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Flyers one of the teams who benefit from lockout?

Guest Podein25

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Interesting article from one of the guys at Dobber:

Over the next 10 days, I am going to discuss the five teams that stand to benefit the most from the lockout, as well as the five teams that stand to lose the most.

Neither the owners nor the players want the outcome of the ongoing CBA negotiations to be a lockout, but both sides are prepared to remain in the sidelines for the first few months of the 2012-13 season.

Back in 2004, there were several players and teams that came out of the lockout refreshed, recharged, and ready. Teemu Selanne is the most obvious example. The Finnish Flash used the year off to completely rehabilitate his wonky knees, and he has been one of the best forwards in the NHL since that time.

Several young players spent an extra year developing, including Eric Staal and Jason Spezza, who both dominated the AHL. Staal emerged as a superstar after the lockout ended, racking up 100 points 2005-06 and leading Carolina to the Stanley Cup, while Spezza led Ottawa to the Stanley Cup Final just one year later. The elite draft crop from 2003 was given another year of developmental time, as NHL teams weren’t able to rush players from the CHL or Europe to the NHL. The 2005-06 rookie crop was one of the strongest ever, and several players benefitted from more time developing, including the likes of Alex Ovechkin, Dion Phaneuf, Jeff Carter, Ryan Getzlaf, Mike Richards, and Zach Parise.

This time around, there are several young players who will either stay in Major Junior or Europe or go down to the AHL if the start of the season is delayed. In general, the younger teams like Edmonton and Long Island stand to benefit, while the aging teams like San Jose, Detroit, and Vancouver stand to lose out. However, it isn’t that simple.

Read on to find out one team that would be able to use the lockout to develop their young talent, heal up a banged up back end, and find a veteran defenseman via free agency or the trade route.

The Flyers, unlike many of the NHL’s other contending teams, feature a very young core of players. Kimmo Timonen, Scott Hartnell and Ilya Bryzgalov notwithstanding, all of Philadelphia’s top players are under the age of 30 (and many of them are under the age of 25, too). The Flyers wouldn’t see their window close with a lockout, as they should be a good team for a long time.


The Flyers have a very banged up defensive group. Chris Pronger (concussion) likely won’t ever play again). Timonen just started skating after offseason back surgery. Andrej Meszaros is out until at least December or January with an Achilles injury. Andreas Liljais out until November, and you know things are desperate when the health of Lilja is a significant concern.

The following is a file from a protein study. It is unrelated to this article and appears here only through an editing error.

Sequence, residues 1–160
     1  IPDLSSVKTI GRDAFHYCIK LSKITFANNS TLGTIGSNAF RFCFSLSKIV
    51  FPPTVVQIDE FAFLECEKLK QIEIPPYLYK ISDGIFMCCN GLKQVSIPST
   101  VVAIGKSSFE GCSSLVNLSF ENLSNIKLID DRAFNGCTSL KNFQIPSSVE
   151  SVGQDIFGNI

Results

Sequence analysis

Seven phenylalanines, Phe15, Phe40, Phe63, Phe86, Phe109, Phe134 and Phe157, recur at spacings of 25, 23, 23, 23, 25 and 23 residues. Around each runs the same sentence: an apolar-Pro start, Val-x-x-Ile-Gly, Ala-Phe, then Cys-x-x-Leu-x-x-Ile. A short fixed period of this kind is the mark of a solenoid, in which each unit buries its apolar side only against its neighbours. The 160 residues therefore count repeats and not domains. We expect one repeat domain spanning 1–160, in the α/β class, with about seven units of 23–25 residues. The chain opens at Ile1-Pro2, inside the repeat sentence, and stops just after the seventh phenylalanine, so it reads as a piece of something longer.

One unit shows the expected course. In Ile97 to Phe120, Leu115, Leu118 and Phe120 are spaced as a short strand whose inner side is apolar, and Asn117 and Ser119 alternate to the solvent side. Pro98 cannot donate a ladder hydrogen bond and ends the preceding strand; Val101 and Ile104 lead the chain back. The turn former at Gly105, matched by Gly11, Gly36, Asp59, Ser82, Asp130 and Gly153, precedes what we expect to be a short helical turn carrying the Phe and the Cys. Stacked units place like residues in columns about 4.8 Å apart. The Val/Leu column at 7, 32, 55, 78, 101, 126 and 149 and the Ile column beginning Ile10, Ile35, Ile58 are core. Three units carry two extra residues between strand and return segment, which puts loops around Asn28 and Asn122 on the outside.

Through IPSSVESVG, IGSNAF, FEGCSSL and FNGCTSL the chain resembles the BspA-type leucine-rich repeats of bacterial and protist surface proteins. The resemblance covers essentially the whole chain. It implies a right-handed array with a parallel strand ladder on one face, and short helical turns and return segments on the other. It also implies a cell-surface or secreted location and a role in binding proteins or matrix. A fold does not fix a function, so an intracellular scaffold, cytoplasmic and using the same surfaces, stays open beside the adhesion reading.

Right now, Timonen and Braydon Coburn would be expected to carry the defensive group. Behind them, it falls off after veteran Nicklas Grossman, who came over from Dallas last season. There are some decent young defensemen (Marc-Andre Bourdon, Erik Gustafsson, and Brandon Manning), but none of the three are sure things to be ready for a top four role in 2012-13. Luke Schenn is also in the mix, but his play has regressed significantly since he came into the NHL as a rookie. A change of scenery will hopefully do wonders for the former 1st round pick.

Gustafsson is the most offensively-inclined of the three, while Bourdon is probably the most NHL ready, from a defensive standpoint. Manning is more of a two-way defenseman.


Up front, the Flyers would be able to send Eric Wellwood, Zac Rinaldo, Sean Couturier,and Brayden Schenn to the AHL. Schenn, in particular, would benefit from some time down there – he is poised for a breakout performance at the NHL level, and that extra bit of confidence would go a long way.

Schenn is going to be a very good player one day, but a bit more time in the AHL could mean that he arrives a bit sooner.

Finding a ‘D’

The Flyers have expressed interest in Jay Bouwmeester, and they likely have dipped their toe in the water with free agents like Carlo Colaiacovo and Michal Rozsival. A delayed season would give them more time to figure out the best course of action for adding another defenseman. If the season is delayed long enough, perhaps they just wait for Meszaros to be fully healthy? A top four with Timonen, Coburn, Grossman, and Meszaros is very respectable, and the pressure on the youngsters wouldn’t be nearly as high in a depth role.

The Flyers are one of a few contending teams that stand to benefit (on the ice, at least) from a delayed start to the 2012-13 season. It would give some of their young players more time to develop at the AHL level, it would give some of their injured defensemen time to get fully healthy before the puck drops, and it could be a springboard to stardom for both Couturier and Schenn, just like it was for Staal and Spezza back in 2004-05.

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Interesting article from one of the guys at Dobber:

He forgot to add the fact that we would not have to watch Breezy and ONE more year would be off his books (making a buyout quite reasonable to the Flyers- depending on the new CBA).

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I actually think a lockout does help the Flyers too. I think most importantly it will allow some of the defensive corp to heal and make a trade more likely if a team has a pending UFA that it will not sign.

I think the Predators will be screwed badly by a long lockout (good for them) mainly due to being locked into the Weber contract regardless of a season or not.

As a die hard fan it just sickens me that yet again the game I love could be locked out/work stoppage (whatever you want to call it) for the third time under Gary Bettman.

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